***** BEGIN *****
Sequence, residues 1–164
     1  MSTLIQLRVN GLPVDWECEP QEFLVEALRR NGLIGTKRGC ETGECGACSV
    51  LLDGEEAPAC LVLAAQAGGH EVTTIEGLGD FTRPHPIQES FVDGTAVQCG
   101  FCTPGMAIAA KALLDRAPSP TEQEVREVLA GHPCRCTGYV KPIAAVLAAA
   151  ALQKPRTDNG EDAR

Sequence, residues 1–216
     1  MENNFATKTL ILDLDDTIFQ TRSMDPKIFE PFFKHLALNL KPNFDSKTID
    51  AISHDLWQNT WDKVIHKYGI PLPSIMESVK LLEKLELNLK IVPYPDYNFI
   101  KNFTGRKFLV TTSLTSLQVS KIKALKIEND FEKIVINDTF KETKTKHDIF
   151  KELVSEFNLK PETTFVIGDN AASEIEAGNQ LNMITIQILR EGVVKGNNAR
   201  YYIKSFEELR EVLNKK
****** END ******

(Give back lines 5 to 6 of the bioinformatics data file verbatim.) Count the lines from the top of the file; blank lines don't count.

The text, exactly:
   151  ALQKPRTDNG EDAR

Sequence, residues 1–216